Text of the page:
Could a New Study Help Jazz Up Pittsburgh’s Music Scene?

Using responses from local music industry insiders, the Pittsburgh Music Ecosystem Study breaks down five ways in which the city’s music nightlife could be improved.

Pittsburgh performers now have 86 pages worth of advice to consult on how to inject some new soul into the local music scene.

The Pittsburgh Music Ecosystem Study was released in early July, prompted in part by a Visit Pittsburgh survey indicating that Pittsburgh’s music nightlife ranks lower among tourists than other aspects of the city’s cultural experience.

Those who worked on the study met with members of the local music industry, conducted focus groups and collected responses from an online survey of 1,800 musically inclined residents.

The report was created through a partnership between WYEP, the Pittsburgh Downtown Partnership and the City of Pittsburgh. It took ten months to compile and was authored by Don Pitts, a consultant with Sound Music Cities, a Texas-based company that advises cities seeking solutions for management of their growing music economy.

“Pittsburgh’s music ecosystem faces complex issues, but solid progress can be made over time, especially if music people are allowed to lead and given the additional skills they need to lead effectively,” Pitts says in a press release.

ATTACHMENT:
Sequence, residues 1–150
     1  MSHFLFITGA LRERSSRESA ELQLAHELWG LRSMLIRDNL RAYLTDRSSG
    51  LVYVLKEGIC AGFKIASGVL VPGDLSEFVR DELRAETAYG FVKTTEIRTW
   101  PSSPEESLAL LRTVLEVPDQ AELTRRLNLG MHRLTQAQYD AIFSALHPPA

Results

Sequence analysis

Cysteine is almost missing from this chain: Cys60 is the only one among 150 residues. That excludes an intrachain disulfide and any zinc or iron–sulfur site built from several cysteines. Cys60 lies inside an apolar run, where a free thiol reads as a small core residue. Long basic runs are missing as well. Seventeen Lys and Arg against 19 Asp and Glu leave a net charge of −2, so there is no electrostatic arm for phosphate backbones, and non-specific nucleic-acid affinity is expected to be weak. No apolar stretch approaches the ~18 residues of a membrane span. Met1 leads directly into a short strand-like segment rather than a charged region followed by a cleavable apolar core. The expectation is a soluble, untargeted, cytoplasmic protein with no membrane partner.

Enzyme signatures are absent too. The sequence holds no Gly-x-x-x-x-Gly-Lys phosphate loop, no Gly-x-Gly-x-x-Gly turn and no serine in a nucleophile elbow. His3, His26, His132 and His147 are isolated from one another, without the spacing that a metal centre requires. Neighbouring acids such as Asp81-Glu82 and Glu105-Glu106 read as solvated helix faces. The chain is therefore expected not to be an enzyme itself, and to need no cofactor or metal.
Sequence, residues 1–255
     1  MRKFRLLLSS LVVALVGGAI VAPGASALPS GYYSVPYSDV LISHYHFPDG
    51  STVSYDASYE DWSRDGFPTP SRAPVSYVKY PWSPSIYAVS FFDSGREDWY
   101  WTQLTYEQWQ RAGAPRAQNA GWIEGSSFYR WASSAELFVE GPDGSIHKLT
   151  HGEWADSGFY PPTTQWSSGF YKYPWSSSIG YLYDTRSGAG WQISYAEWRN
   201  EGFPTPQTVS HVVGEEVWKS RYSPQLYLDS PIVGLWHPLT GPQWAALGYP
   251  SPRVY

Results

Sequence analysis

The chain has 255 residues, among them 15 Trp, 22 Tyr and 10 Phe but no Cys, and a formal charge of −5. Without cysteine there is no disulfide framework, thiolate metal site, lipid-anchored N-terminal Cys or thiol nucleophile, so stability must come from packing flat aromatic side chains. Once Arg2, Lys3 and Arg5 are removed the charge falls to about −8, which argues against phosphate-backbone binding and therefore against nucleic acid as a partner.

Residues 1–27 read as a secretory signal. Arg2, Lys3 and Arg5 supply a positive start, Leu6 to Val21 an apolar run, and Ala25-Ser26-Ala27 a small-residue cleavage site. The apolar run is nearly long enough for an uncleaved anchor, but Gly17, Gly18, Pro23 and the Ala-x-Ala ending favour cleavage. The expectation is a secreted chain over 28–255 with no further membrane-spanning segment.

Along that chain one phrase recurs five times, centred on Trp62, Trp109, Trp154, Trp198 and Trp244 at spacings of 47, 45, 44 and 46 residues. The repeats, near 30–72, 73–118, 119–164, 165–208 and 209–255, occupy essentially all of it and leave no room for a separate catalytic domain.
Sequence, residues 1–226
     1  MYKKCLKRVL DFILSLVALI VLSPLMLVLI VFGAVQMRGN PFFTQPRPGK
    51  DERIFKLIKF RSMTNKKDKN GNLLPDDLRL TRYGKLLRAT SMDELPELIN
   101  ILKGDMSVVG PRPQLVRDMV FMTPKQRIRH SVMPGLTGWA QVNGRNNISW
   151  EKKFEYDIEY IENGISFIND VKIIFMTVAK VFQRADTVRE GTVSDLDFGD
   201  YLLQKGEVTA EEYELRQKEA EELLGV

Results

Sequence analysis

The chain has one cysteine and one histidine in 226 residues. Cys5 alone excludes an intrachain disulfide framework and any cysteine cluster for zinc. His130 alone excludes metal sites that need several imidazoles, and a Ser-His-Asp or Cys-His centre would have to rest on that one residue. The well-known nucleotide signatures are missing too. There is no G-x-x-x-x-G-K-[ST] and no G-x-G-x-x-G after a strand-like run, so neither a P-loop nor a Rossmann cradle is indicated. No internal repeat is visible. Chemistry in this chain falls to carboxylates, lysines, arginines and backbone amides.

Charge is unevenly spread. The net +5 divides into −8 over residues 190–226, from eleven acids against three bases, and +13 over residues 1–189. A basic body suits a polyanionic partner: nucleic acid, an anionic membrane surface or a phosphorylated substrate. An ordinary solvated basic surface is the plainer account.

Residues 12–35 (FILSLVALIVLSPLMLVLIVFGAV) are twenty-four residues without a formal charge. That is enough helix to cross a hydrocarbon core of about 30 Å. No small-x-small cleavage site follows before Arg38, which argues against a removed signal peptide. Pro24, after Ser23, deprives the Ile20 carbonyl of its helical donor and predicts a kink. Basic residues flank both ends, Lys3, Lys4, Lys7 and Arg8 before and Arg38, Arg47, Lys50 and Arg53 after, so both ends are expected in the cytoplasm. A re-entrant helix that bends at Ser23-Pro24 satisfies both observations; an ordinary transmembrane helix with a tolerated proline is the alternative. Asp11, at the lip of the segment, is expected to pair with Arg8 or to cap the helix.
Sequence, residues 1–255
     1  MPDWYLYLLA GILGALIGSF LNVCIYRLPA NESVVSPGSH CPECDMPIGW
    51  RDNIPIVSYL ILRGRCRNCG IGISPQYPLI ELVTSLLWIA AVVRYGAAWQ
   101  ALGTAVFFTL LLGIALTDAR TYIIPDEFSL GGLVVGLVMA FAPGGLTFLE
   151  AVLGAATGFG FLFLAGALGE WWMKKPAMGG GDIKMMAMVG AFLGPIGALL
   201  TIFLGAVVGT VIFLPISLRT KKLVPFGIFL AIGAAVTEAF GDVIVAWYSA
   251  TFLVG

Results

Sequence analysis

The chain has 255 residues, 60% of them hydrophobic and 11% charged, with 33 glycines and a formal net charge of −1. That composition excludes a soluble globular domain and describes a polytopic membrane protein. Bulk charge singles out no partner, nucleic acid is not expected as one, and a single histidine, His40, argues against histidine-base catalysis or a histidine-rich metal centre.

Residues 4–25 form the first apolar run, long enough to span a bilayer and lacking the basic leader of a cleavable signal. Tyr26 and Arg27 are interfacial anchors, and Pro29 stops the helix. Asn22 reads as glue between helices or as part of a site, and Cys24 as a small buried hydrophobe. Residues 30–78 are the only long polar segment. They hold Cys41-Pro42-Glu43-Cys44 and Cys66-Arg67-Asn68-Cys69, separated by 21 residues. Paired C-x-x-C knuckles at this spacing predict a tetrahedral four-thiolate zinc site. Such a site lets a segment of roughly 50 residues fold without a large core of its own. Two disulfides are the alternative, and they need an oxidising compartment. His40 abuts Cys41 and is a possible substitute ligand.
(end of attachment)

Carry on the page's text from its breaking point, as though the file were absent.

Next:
Pitts broke down the report into five areas where the music scene needs development. The Leadership Development portion proposes programs such as a three-year initiative to link local artists with government offices and nonprofits, while the Career Development section encourages the creation of a strong grant program for developing creative and business skills.

The Regulatory Reform section suggests a large amount of policy changes by the city, including waiving the five percent amusement tax for live music venues under 350 people in capacity.

The Industry section recommends creating more opportunities in mentoring as well as alliances with neighboring cities. Audience Development suggests ideas such as the launch of an official citywide music month and a basement music festival showcasing the indie scene.
 

What the Musicians Have to Say

Four pages of the report devoted to comments from respondents of the study’s survey revealed a range of attitudes. One respondent complains about being expected to play for free in order to gain exposure while another says “Playing music isn’t about money.”

Another says there is “no scene for local bands” while another claims Pittsburgh has a “vibrant community” but is struggling due to little support from the city.

Some cite marketing as the major issue, with one suggesting the talent is there but is not being promoted well. Other respondents were critical about the survey itself, with one saying it displays a “fundamental lack of understanding of how independent music operates”
 

Categories: The 412